Evaluation of a theory-informed implementation intervention for the management of acute low back pain in general medical practice: the IMPLEMENT cluster randomised trial

PLoS One. 2013 Jun 13;8(6):e65471. doi: 10.1371/journal.pone.0065471. Print 2013.

Abstract

Introduction: This cluster randomised trial evaluated an intervention to decrease x-ray referrals and increase giving advice to stay active for people with acute low back pain (LBP) in general practice.

Methods: General practices were randomised to either access to a guideline for acute LBP (control) or facilitated interactive workshops (intervention). We measured behavioural predictors (e.g. knowledge, attitudes and intentions) and fear avoidance beliefs. We were unable to recruit sufficient patients to measure our original primary outcomes so we introduced other outcomes measured at the general practitioner (GP) level: behavioural simulation (clinical decision about vignettes) and rates of x-ray and CT-scan (medical administrative data). All those not involved in the delivery of the intervention were blinded to allocation.

Results: 47 practices (53 GPs) were randomised to the control and 45 practices (59 GPs) to the intervention. The number of GPs available for analysis at 12 months varied by outcome due to missing confounder information; a minimum of 38 GPs were available from the intervention group, and a minimum of 40 GPs from the control group. For the behavioural constructs, although effect estimates were small, the intervention group GPs had greater intention of practising consistent with the guideline for the clinical behaviour of x-ray referral. For behavioural simulation, intervention group GPs were more likely to adhere to guideline recommendations about x-ray (OR 1.76, 95%CI 1.01, 3.05) and more likely to give advice to stay active (OR 4.49, 95%CI 1.90 to 10.60). Imaging referral was not statistically significantly different between groups and the potential importance of effects was unclear; rate ratio 0.87 (95%CI 0.68, 1.10) for x-ray or CT-scan.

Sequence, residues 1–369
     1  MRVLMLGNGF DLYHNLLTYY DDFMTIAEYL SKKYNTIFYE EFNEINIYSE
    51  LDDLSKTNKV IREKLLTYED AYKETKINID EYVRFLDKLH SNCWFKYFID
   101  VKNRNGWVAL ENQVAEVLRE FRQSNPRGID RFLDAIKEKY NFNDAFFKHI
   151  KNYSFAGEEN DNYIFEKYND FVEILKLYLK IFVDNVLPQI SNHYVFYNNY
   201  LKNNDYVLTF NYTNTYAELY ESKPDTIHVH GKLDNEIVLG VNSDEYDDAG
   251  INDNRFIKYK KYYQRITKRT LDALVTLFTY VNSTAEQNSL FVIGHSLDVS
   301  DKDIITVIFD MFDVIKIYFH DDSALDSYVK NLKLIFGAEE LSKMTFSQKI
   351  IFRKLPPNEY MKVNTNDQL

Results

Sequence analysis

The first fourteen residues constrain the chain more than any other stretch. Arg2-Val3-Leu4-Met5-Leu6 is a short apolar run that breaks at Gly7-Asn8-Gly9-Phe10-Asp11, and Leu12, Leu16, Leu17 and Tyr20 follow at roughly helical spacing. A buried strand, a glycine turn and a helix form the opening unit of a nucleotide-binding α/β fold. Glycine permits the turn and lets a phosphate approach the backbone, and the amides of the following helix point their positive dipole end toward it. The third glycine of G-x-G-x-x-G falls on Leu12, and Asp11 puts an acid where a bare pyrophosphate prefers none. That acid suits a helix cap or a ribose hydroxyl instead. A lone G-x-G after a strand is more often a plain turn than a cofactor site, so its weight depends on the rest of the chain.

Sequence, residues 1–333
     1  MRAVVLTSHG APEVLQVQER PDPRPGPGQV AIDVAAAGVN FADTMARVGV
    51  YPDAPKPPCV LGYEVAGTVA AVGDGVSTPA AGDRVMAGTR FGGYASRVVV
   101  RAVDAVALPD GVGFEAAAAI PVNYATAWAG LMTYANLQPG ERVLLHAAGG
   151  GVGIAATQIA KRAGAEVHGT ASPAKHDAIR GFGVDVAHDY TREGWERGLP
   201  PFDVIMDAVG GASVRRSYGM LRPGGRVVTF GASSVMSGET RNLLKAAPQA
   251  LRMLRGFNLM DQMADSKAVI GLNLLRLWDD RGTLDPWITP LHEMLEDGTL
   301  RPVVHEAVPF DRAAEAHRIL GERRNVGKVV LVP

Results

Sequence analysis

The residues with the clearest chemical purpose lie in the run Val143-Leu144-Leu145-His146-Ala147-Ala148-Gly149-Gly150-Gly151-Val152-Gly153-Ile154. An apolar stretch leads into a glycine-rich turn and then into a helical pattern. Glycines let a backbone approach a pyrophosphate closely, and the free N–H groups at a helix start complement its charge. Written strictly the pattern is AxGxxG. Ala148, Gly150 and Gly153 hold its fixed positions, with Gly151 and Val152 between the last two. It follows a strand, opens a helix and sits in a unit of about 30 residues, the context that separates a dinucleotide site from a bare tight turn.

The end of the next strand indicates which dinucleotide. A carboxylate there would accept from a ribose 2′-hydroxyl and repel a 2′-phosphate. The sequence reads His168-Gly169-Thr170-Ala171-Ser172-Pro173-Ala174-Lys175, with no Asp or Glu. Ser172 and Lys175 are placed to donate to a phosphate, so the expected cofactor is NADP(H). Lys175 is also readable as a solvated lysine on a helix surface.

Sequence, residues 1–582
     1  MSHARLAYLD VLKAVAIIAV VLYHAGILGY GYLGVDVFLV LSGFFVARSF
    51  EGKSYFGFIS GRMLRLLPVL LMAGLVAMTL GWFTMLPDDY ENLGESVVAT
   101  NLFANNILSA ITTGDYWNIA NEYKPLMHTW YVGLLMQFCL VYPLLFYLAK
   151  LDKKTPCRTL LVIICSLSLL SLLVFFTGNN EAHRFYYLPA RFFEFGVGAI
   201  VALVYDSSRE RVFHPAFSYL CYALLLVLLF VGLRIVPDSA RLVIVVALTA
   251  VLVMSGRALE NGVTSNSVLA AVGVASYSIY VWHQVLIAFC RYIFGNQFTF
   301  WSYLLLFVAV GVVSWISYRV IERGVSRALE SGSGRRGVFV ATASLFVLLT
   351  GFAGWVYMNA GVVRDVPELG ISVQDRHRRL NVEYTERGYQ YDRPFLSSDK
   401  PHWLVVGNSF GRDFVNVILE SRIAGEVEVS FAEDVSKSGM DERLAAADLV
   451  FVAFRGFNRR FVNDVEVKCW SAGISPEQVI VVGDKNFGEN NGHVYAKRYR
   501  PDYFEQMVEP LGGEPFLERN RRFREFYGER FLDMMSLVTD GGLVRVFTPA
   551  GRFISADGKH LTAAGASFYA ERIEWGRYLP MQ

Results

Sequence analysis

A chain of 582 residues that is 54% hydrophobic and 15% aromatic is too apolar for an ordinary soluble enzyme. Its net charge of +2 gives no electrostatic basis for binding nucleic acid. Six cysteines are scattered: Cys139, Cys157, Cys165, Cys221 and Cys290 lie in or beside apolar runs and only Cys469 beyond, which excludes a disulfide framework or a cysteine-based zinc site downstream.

Conclusions: The intervention led to small changes in GP intention to practice in a manner that is consistent with an evidence-based guideline, but it did not result in statistically significant changes in actual behaviour.

Trial registration: Australian New Zealand Clinical Trials Registry ACTRN012606000098538.

Publication types

  • Clinical Trial
  • Randomized Controlled Trial
  • Research Support, Non-U.S. Gov't

MeSH terms

  • Adult
  • Australia
  • Family Practice*
  • Female
  • Health Knowledge, Attitudes, Practice
  • Humans
  • Low Back Pain / diagnostic imaging
  • Low Back Pain / rehabilitation*
  • Male
  • Middle Aged
  • Patient Compliance
  • Preventive Health Services
  • Radiography
  • Referral and Consultation

Grant support

The IMPLEMENT trial was funded by the Australian National Health and Medical Research Council (NHMRC) by way of a Primary Health Care Project Grant (334060). SDF and DAO are supported by NHMRC Early Career Fellowships. RB is supported in part by a NHMRC Practitioner Fellowship. The funders had no role in study design, data collection and analysis, decision to publish, or preparation of the manuscript.